History of the Capitole district
The Capitole district refers to the area to the south and west of the legendary Place du Capitole in the listed historic center of Toulouse. It is bounded by the course of the Garonne to the west, by the rue d'Alsace-Lorraine to the east, by the rue Pargaminières to the north and by the rue de Metz to the south. Emblematic of Toulouse, the Capitol Palace was created on the initiative of the capitouls in the 12th century, with the aim of accommodating the municipal power. The current building dates from the 17th century and houses the Town Hall and the Capitol Theater. Because the site has brought together municipal powers since the 12th century, around the Capitol have built many mansions and important religious buildings. After 8 centuries of construction, on the edge of the Garonne, the district has remained the beating heart of the city: a sector with a strong tourist vocation.
The essentials of the Capitole district
The neoclassical Capitol Palace is an emblematic jewel of the Pink City, whose interiors contain magnificent frescoes, especially in the Hall of the Illustrious. The vast Place du Capitole has been adorned since 1995 with the Occitan star created by Raymond Moretti. We owe the painted ceilings of the arcades of the building facing the Capitol to the same artist: the 29 frescoes in the gallery tell the history of the city. The keep of the Capitol, one of the oldest buildings in the palace, is now the seat of the tourist office. For 3 centuries, the Capitol Palace has also housed Toulouse's main theater, whose orchestra and ballet have enjoyed a worldwide reputation. The architectural heritage of the district also includes prestigious religious buildings, including the Jacobins Convent, recognizable by its imposing octagonal bell tower in Languedoc Gothic style, and the Notre-Dame de la Daurade basilica with magnificent mosaics covered with gold leaf.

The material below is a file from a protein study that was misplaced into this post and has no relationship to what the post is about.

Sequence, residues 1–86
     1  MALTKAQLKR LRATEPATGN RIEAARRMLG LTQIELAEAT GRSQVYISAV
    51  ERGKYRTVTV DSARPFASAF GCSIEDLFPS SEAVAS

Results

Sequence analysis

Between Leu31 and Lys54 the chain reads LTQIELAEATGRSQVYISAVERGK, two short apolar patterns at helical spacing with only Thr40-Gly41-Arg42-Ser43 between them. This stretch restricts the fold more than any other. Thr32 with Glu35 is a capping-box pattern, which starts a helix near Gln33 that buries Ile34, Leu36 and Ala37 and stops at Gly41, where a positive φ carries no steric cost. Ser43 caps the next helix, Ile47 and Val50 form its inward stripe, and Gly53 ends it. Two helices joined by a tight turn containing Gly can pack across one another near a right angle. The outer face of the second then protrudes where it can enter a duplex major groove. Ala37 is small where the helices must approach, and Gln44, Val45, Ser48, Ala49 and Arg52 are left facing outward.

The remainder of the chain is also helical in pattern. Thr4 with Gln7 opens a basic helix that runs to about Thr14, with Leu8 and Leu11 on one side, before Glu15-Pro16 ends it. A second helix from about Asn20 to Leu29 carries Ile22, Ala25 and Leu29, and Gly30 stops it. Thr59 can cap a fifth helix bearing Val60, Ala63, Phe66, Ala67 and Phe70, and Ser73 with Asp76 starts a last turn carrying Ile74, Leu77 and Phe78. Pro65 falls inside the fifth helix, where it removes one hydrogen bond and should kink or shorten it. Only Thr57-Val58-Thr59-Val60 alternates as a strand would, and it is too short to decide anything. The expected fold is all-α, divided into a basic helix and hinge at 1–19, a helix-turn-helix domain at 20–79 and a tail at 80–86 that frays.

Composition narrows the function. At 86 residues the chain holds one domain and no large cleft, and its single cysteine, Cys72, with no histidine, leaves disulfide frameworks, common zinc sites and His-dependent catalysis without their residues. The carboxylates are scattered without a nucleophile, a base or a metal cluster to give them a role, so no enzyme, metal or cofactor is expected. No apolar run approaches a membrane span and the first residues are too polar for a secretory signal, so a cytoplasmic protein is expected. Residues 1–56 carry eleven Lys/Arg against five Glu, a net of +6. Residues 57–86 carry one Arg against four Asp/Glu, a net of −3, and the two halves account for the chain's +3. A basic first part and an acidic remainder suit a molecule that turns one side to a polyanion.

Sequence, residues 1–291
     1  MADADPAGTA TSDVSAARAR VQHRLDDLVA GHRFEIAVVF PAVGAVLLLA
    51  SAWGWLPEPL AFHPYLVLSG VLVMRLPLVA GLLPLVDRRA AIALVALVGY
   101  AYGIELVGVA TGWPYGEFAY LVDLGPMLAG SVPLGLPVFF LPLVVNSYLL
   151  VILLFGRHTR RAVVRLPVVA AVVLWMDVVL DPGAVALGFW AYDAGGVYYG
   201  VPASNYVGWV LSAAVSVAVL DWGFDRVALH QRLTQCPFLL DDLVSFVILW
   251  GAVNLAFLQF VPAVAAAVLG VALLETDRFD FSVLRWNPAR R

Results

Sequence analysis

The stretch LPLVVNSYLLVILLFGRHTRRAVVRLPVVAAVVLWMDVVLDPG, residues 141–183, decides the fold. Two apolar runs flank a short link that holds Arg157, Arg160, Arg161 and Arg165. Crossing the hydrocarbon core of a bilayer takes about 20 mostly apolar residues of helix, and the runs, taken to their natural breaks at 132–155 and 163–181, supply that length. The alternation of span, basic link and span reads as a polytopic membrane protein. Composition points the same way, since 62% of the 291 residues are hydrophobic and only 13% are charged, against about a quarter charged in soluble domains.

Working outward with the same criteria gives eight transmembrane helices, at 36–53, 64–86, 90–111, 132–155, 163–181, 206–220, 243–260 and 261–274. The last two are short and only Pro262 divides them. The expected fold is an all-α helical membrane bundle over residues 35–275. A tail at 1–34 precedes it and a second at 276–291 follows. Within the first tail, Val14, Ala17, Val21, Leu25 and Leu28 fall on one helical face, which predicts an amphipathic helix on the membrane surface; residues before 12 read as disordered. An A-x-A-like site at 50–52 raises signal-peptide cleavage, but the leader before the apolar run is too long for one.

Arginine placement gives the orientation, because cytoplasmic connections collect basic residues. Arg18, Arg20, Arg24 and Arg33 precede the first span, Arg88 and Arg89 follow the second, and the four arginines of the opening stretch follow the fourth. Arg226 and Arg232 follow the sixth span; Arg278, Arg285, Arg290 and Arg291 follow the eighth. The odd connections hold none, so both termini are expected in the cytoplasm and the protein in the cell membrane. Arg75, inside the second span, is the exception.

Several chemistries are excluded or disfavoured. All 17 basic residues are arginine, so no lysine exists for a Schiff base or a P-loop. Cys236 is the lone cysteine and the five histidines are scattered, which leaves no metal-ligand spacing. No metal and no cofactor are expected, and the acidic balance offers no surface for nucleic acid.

Living in the Capitole district
A central place of life in Toulouse, the Capitole district hosts the city's major events. It is also the most attractive area for tourists. Sparsely populated, it offers a pleasant quality of life thanks to the architectural quality of its buildings, old mansions and neoclassical buildings that house distinctive apartments. The area is the most popular in the city. There are many shops in the area, as are the restaurants, which include the most prestigious tables in Toulouse. Another attraction of the district is the presence of schools from primary school to university. The district’s tourist vocation also means that it is very accessible: served by metro A and many bus lines, it also has several self-service bicycle terminals. Matabiau train station is only two metro stops away. Finally, the banks of the Garonne are a place of relaxation and rejuvenating stroll for the inhabitants of the district. On the other side of Pont Neuf and Pont Saint-Pierre is the very pleasant Parc de la Prairie des Filters.